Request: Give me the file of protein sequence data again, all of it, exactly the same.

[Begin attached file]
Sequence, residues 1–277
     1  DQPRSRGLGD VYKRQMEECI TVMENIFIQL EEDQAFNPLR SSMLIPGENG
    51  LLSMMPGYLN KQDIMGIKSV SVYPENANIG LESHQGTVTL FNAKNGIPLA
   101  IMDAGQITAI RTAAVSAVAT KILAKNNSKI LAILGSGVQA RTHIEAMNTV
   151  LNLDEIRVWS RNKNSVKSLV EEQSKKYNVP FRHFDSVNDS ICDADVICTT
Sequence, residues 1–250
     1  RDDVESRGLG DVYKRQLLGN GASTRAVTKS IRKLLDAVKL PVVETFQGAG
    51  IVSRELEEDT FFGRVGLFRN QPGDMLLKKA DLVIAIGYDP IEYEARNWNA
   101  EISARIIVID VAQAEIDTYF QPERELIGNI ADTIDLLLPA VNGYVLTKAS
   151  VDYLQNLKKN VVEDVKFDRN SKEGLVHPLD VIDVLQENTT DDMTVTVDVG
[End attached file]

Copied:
Sequence, residues 1–277
     1  DQPRSRGLGD VYKRQMEECI TVMENIFIQL EEDQAFNPLR SSMLIPGENG
    51  LLSMMPGYLN KQDIMGIKSV SVYPENANIG LESHQGTVTL FNAKNGIPLA
   101  IMDAGQITAI RTAAVSAVAT KILAKNNSKI LAILGSGVQA RTHIEAMNTV
   151  LNLDEIRVWS RNKNSVKSLV EEQSKKYNVP FRHFDSVNDS ICDADVICTT
Sequence, residues 1–250
     1  RDDVESRGLG DVYKRQLLGN GASTRAVTKS IRKLLDAVKL PVVETFQGAG
    51  IVSRELEEDT FFGRVGLFRN QPGDMLLKKA DLVIAIGYDP IEYEARNWNA
   101  EISARIIVID VAQAEIDTYF QPERELIGNI ADTIDLLLPA VNGYVLTKAS
   151  VDYLQNLKKN VVEDVKFDRN SKEGLVHPLD VIDVLQENTT DDMTVTVDVG